I happened to be at the World Trade Center on Sunday, September 9. No big deal. I don’t even know which tower I was in. Just switching from the A train from Brooklyn to the PATH train on the way to Newark to catch my flight home. I walked past the mosaic of the world on the floor there and thought, that looks cool.
But that next Tuesday morning I thought, Christ, I was just there. I spent over three hours trying to call the friend I’d been visiting. I finally got through and learned she was OK. She’d tried to go to work, but the attendant at her subway stop said, “If you don’t live in Manhattan, absolutely don’t go in.” During the course of the day I learned through E-mails and phone calls that other friends in New York were all alive and unhurt. Relieved, but grieving like everyone, I thought I’d escaped any personal connection to the tragedy.
Then Wednesday afternoon I learned that David Aoyama was on American Airlines Flight 11, the first to strike the World Trade Center. The passenger information in the papers listed him as Seima Aoyama, with no accompanying description–no age, home, occupation. But everyone knew him as David.
I had come to think of him as a friend over the years. Now I realize he was more of a mentor, an example of how to live.
David was born on the island of Hokkaido in Japan in 1953 and came to the United States in 1977. He managed restaurants in Dallas and Memphis to earn a living, but his real mission was to spread the principles of Buddhism. By the time he came to Chicago in the early 80s he was a full-time staff member of Soka Gakkai International-USA, a lay Buddhist organization. During the years he lived here he personally touched the lives of hundreds of young men and women, visiting homes in every neighborhood in the city, encouraging individuals to find enlightenment within themselves–working to create a better world, one person at a time.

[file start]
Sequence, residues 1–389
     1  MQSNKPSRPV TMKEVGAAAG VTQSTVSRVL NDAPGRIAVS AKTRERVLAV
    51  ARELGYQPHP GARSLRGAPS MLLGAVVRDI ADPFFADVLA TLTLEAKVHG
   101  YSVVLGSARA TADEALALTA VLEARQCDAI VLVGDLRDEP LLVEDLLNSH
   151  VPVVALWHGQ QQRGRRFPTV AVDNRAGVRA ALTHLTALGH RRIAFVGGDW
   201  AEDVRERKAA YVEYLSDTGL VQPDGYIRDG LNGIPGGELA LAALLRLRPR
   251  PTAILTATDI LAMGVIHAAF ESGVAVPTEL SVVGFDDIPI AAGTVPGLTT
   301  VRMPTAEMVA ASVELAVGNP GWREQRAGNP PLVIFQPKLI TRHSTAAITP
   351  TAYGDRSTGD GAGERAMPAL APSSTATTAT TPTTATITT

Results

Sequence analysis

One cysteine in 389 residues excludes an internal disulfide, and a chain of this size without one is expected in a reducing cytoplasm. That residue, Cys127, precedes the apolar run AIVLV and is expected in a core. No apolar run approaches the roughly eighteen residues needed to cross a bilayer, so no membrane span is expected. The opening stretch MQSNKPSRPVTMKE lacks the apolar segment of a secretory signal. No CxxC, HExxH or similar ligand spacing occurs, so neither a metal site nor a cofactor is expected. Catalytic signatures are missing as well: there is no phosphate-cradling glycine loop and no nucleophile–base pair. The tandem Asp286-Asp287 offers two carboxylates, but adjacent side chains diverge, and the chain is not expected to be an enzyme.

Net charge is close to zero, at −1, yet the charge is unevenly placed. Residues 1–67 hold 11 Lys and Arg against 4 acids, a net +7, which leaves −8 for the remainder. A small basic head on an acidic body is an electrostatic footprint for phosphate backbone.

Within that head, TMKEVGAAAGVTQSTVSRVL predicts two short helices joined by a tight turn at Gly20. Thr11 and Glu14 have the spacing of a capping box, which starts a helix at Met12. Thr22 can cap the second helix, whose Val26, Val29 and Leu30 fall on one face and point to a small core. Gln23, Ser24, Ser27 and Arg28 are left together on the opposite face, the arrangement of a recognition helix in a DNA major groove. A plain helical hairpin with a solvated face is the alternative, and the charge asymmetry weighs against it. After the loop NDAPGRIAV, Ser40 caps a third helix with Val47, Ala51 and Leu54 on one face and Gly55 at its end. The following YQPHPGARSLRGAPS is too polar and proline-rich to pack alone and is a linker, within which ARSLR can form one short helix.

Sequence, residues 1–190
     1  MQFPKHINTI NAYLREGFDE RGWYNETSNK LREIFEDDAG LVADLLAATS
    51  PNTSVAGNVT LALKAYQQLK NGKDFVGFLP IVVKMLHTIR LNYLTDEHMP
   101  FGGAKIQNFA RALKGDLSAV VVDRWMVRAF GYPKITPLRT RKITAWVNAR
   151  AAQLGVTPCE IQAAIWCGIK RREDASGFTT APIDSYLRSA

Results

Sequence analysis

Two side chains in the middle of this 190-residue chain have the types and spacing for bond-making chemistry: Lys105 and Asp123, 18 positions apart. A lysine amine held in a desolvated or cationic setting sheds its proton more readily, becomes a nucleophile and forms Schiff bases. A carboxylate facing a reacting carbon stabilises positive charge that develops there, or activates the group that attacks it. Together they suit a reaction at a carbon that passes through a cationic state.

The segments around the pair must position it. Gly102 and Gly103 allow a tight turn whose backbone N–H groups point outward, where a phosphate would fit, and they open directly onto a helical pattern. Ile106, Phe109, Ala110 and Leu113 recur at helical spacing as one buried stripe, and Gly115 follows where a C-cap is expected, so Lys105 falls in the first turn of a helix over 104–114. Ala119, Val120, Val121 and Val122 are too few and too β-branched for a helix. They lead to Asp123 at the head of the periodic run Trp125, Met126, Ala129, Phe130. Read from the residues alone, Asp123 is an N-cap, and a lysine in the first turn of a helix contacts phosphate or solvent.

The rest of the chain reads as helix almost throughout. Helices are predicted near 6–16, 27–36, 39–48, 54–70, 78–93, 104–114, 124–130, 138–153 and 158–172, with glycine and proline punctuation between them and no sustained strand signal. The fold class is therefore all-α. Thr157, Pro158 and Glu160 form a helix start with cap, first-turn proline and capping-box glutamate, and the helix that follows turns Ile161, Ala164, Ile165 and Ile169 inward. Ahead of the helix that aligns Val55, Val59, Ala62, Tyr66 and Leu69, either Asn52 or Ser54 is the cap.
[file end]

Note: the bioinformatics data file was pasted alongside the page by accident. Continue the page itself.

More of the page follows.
He had a shock of hair that he constantly had to brush from his eyes. He loved to eat. He liked to drink some too, but he picked his times, a regular guy. Sometimes I thought he was crazy to be so busy. When did he ever sleep? When he moved to LA in 1995 we knew we’d miss him.
Last Saturday there was a memorial service here for David, who leaves behind a wife and two children. Hundreds of people–of many colors, heritages, nationalities, ages–attended on short notice.
David came here as a Japanese, and he died as an American. But he was more accurately a global citizen. You’re human, you suffer–what can I do to help? That was his way. I don’t understand why someone who worked so tirelessly for the sake of others had to go like this.